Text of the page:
Do I Need a BSN to be an Oncology Nurse?

Oncology_NursesIf you’re exploring different specialties in the nursing profession, you may be wondering about the kind of training and experience you need in order to become an oncology nurse, and whether or not you need to complete a bachelor of nursing (BSN degree) as part of that training. Oncology nurses work with cancer patients in hospitals, medical offices or other settings. Some special skills, in addition to basic nursing skills, are needed in order to work effectively in oncology.

Education

To work in oncology, you must be a registered nurse (RN). This means that you will need to obtain either a diploma, an associates degree in nursing or a bachelors in nursing, and then take and pass the national licensing exam for registered nurses. Once you have become an RN, you will need to pursue work in oncology care and gain experience in that area before you can become certified as an oncology certified nurse (OCN). You may also need to take extra coursework and do clinical practice that specialized in caring for patients with cancer.

As you can see from the above description, a bachelors degree is not considered absolutely essential to begin nursing in oncology. However, more and more nurses in a variety of nursing specialties or just as generalists, are going on to complete the BSN degree. Some nurses begin with a diploma or associates, gain some nursing experience, and then go on to complete their bachelors, often while continuing to work. In fact, employers find the bachelors degree desirable enough that they will often encourage their nurses to get the degree by offering tuition assistance, and there are now many RN-to-BSN programs which will allow you the flexibility you need to get your degree while continuing to work.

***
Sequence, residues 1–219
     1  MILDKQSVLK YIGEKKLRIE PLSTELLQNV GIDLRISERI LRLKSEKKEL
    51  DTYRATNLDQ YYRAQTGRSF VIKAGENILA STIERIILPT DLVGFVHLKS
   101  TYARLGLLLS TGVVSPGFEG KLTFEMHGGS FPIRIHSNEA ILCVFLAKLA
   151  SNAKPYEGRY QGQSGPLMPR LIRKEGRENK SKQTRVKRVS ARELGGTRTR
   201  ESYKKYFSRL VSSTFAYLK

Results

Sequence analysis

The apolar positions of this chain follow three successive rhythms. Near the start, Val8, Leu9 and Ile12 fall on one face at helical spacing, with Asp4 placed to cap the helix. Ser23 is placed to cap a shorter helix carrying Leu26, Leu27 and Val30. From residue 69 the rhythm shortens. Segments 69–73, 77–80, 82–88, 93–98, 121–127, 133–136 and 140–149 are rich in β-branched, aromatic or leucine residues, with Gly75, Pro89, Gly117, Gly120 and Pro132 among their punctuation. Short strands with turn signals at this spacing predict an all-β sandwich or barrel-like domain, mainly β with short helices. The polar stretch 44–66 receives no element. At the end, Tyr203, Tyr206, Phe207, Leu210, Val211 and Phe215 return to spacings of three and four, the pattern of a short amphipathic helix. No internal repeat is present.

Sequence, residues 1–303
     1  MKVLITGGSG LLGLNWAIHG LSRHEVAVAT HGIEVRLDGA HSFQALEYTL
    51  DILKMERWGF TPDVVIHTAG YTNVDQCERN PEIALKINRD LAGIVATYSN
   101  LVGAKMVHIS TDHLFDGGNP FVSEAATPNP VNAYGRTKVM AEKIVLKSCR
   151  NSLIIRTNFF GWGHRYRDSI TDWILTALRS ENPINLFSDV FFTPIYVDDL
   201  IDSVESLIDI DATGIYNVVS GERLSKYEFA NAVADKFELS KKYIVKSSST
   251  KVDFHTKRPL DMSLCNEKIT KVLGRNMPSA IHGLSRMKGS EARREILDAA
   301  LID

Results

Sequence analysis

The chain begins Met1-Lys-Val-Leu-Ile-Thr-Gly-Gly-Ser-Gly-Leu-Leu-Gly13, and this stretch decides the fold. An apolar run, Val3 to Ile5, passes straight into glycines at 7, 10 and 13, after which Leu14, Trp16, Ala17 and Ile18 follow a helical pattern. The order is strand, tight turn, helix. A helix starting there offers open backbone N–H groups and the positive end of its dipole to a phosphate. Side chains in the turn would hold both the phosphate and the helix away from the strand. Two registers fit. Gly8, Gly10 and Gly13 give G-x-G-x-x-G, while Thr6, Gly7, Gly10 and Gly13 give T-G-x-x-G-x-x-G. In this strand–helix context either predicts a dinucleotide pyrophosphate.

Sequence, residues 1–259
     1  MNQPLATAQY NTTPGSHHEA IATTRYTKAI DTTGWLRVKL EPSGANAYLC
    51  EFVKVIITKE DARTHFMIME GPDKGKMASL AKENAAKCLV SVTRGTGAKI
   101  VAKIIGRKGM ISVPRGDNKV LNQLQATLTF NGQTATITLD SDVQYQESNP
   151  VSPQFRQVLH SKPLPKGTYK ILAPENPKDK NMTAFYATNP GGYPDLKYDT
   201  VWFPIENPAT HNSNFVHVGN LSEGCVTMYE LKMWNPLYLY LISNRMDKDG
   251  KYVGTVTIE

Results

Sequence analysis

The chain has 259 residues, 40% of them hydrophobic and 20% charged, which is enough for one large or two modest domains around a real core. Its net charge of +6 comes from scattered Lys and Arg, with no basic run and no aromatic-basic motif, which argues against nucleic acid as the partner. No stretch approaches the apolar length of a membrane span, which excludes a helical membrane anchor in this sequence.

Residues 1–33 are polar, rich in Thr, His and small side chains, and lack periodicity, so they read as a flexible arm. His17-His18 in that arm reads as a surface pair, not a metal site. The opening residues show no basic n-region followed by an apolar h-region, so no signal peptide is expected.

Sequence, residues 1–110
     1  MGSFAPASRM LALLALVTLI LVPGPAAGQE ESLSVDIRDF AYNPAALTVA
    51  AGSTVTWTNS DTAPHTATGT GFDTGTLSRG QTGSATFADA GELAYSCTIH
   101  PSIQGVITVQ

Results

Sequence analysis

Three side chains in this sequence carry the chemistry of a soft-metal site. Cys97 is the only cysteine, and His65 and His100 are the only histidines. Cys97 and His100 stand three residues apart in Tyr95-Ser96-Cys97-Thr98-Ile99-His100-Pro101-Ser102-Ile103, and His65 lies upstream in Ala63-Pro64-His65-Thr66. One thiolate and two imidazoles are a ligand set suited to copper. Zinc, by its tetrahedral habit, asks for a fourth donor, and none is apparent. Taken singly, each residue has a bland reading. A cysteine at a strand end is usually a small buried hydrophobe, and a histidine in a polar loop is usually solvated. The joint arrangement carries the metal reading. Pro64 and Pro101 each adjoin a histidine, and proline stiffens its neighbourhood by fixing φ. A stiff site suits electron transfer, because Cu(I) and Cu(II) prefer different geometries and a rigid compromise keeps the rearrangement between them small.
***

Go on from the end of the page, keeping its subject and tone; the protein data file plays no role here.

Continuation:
Certification

While certification is not absolutely necessary to work in oncology nursing, it is often encouraged and recommended within the profession. The Oncology Nursing Certification Corporation (ONCC), which offers a number of special certifications within the oncology specialty, claims that 88% of nurses who do go on for certification say that it increases their confidence level in their work. While the OCN (Oncology Certified Nurse) is a common certification, there are also other certifications that you can obtain that will allow you to work with specific types of cancer patients, such as children, women or patients who are undergoing blood and bone marrow transplants. Some of the other certifications include Certified Pediatric Hematology Oncology Nurse (CPH0N), Certified Breast Care Nurse (CBCN) and Blood and Marrow Transplant Nurse (BMTCN). There are also advanced certifications for those nurses who go on to get graduate level degrees and become advanced practice nurses, such as nurse practitioners.

Although a BSN degree is not an absolute necessity for beginning your journey toward oncology nursing, it is probably a degree you will want to look into completing, especially if you want to move forward in the field. Becoming an oncology nurse is demanding but rewarding work, and more in-depth education, both in your initial degree and in your ongoing education for certification, should serve you well.